Why Silence Is Golden

by Kathleen Glavich, SND on May 25, 2016

in Blogs

4-730_Silence_hdAs I was working on a book about teaching prayer, it occurred to me that the chapter on silence would make a good blog. So here it is with a few adaptations . . .  All of us have memories stashed away that bear out the truth of the saying “silence is golden.” Maybe you remember walking into the peace of your own home after a noisy party, or taking a stroll before anyone else was awake, or gazing at a baby fast asleep. Such times are valuable because they draw us more deeply into reality. Usually the world packs our minds with a million noises: music, chatter, commercials, traffic sounds, crowds. Sheltered from these distractions, we are free to concentrate on essentials. In silence we find truth goodness, and beauty. In silence we discover who we are. Silence is the air that our spirit must breathe if our spiritual life is to thrive.

What is vitally important is that when we sink into silence, we come face to face with God. To be still we must cease our frantic pace, quiet our bodies, curb our racing minds, and close our mouths. Only when we are still can we be attuned to the voice of God speaking from the eternal silence. This is the message of Elijah’s encounter with Yahweh. Elijah journeys to the mountain of God and there God is revealed, not in a mighty wind, not in an earthquake, not in fire, but in the sound of a gentle breeze.

Jesus, our exemplar for sound living, valued silence. He prepared for his public life by a 40-day private retreat in the wilderness. Before choosing his apostles, “He departed to the mountain to pray, and he spent the night in prayer to God” (Luke 6:12). He often rose before dawn or drew apart from the crowds to commune with God alone, to celebrate their bond of love, and to center his life and his work on God’s will. Jesus recommended prayer in solitude to his followers: “But when you pray, go to your inner room, close the door, and pray to your Father in secret” (Matthew 6:6).th

We believe that the Trinity lives within us. Quiet solitude enables us to attend to the divine presence. We can adore God in the depths of our being, delight in God’s loving presence, and strengthen our love for God. As a prayer card rightly states, “Silence is the profound activity of listening love.” Refreshed and encouraged by loving encounters with God, we can better meet the challenges of life.

People who seek God have always reserved silent spaces in their lives. St. Thomas More, who was Chancellor of English in the sixteenth century, prayed every morning from two to six-o’clock! For centuries men and women religious have practiced silence. Serious Christians participate in days of recollection, retreats, and renewals in which silence plays a major role. During liturgical celebrations “at the proper times all should observe a reverent silence.”

In the Christmas liturgy we hear “When peaceful silence lay over all, and night had run the half of her swift course, down from the heavens, from the royal throne, leapt your all-powerful Word” (Wisdom 18:14–15). Our silent hearts invite another incarnation. In the tranquility of silence the Word becomes living and active in us. Faith, hope, and love are born anew. We acquire the energy to live life to the hilt, and we increase our potential for eternal life.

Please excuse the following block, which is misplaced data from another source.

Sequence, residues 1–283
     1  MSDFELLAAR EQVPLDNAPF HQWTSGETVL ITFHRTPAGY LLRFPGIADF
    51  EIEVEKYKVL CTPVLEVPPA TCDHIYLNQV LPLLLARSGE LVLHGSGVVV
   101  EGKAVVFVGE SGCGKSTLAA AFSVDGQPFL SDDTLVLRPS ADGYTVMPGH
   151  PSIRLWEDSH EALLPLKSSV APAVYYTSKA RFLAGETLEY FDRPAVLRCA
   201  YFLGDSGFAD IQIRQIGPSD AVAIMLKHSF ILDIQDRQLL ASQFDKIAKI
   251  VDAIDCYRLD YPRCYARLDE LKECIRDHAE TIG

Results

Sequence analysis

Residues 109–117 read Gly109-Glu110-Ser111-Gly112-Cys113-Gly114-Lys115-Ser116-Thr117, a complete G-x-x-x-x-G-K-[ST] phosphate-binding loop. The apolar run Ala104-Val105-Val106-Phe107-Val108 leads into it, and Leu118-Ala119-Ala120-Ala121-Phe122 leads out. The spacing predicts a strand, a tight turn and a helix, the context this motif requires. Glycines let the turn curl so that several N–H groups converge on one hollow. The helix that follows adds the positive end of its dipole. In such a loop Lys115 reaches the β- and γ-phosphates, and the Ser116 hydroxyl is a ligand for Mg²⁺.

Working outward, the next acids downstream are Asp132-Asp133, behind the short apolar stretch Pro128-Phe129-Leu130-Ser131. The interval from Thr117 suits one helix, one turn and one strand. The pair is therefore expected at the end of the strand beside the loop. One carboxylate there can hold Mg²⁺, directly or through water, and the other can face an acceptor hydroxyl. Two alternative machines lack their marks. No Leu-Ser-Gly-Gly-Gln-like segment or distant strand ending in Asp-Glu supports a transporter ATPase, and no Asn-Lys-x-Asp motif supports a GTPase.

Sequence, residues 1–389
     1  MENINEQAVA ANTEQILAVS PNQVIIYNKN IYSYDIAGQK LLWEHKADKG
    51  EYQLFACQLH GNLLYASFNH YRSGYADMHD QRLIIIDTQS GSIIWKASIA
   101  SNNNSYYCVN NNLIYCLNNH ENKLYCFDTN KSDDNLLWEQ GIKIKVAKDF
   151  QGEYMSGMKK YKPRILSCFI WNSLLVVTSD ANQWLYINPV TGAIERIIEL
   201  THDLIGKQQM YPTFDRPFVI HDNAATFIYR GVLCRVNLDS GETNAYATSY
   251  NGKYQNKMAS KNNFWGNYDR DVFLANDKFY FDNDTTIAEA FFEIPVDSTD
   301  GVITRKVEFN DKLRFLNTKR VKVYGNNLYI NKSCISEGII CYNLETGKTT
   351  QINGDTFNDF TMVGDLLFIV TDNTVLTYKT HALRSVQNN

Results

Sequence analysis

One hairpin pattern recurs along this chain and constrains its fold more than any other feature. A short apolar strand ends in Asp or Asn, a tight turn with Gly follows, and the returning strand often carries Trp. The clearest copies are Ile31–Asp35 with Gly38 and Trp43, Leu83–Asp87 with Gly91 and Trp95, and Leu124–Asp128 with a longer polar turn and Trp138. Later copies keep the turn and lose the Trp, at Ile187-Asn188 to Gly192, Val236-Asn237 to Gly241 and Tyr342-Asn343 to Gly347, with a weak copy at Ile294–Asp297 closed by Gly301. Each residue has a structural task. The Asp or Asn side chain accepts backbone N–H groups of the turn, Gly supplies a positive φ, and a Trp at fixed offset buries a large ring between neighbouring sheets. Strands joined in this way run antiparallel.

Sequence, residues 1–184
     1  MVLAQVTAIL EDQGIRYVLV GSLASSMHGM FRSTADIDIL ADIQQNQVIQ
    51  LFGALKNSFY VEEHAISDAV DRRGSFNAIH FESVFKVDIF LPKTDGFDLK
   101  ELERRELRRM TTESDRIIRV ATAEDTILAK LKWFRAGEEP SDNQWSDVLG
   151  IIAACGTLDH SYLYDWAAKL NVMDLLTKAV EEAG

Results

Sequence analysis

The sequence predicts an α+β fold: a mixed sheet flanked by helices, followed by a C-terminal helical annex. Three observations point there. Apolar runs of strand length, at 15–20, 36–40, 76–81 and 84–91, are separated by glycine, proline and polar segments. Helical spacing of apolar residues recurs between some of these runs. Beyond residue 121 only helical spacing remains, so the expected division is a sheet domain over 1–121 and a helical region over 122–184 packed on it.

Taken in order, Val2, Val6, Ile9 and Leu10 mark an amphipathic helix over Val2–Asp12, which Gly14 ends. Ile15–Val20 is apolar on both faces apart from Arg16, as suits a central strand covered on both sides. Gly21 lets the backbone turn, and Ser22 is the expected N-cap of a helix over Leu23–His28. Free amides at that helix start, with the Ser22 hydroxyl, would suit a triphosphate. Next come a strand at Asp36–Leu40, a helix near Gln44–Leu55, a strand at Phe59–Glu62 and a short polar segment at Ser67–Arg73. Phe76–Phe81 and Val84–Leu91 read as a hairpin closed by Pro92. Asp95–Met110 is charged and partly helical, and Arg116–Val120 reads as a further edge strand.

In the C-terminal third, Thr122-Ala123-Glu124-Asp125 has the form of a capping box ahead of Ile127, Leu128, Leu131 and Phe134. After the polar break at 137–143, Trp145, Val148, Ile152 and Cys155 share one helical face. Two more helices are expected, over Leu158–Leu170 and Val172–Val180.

Self-check

  1. Am I afraid to be alone?
  2. Am I uncomfortable doing nothing?
  3. Do I occasionally treat myself to several hours of solitude and silence—in a park, at the beach, or some other secluded area?
  4. During how much of each day do I actually experience silence?
  5. Do I always have the radio on when I drive?
  6. In the quiet evening hours do I always watch TV, or do I sometimes pray, read, or reflect?
  7. After receiving Communion, do I pray—or watch people go by?
  8. How much time do I allow for daily prayer?

A Prayer

Jesus, you speak to me when I am silent. Once amid thunder and crashing waves when you said, “Peace, be still,” the wind and waves obeyed you. Now calm me. Lord, quiet my body so that I might rest in your presence. Silence my heart and mind so that I might wait attentively for your word. Then when I am still, speak, Lord, and I will listen.

Points to Ponder

  • Good things happen in silence: The sun sets and rises, flowers grow, snow falls, stars shine, and cookies bake. You can see deer, catch fish, read, a book, and work out a problem.
  • Places where people keep silent: People keep silent in a library in order to concentrate, in a hospital so patients can rest and be healed, in a museum to better appreciate the masterpieces, in a cemetery out of respect for the dead, and in church to show reverence for God.
  • Why we need silence: We need silence to think, to see things in a new perspective, to be at peace, to reflect on our lives, to be renewed, to enter the world within us, and to make contact with God.

Here is a peaceful song to prepare you for quiet prayer and a pregnant silence . . .

 

{ 4 comments… read them below or add one }

Gabrielle Renoir May 29, 2016 at 10:25 pm

A wonderful post, Sister Kathleen, that really resonates with me. I get up at 3:30 every morning to pray until 6:00 or 6:30. I have for years. And, this semester, we’re studying Theology of Grace in school. Our professor and readings stress the important of quiet and the indwelling of the Holy Trinity.

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Kathleen Glavich, SND May 31, 2016 at 9:03 am

My goodness! I hope you go to bed at 7:00 pm. Please pray for me.

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Gabrielle Renoir June 4, 2016 at 8:58 pm

LOL I go to bed around 8:30, Sister. And I pray for you every day! 🙂

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Kathleen Glavich, SND June 5, 2016 at 10:53 am

Thank you, Gabrielle. I appreciate your prayers very much.

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